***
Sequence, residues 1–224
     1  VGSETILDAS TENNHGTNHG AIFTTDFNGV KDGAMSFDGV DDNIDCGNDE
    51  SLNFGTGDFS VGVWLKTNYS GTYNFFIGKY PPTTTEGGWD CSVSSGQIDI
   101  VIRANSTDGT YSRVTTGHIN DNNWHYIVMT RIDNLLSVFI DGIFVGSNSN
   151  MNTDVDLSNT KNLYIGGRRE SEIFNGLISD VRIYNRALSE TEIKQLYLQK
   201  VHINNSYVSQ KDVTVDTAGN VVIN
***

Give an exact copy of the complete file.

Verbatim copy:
Sequence, residues 1–224
     1  VGSETILDAS TENNHGTNHG AIFTTDFNGV KDGAMSFDGV DDNIDCGNDE
    51  SLNFGTGDFS VGVWLKTNYS GTYNFFIGKY PPTTTEGGWD CSVSSGQIDI
   101  VIRANSTDGT YSRVTTGHIN DNNWHYIVMT RIDNLLSVFI DGIFVGSNSN
   151  MNTDVDLSNT KNLYIGGRRE SEIFNGLISD VRIYNRALSE TEIKQLYLQK
   201  VHINNSYVSQ KDVTVDTAGN VVIN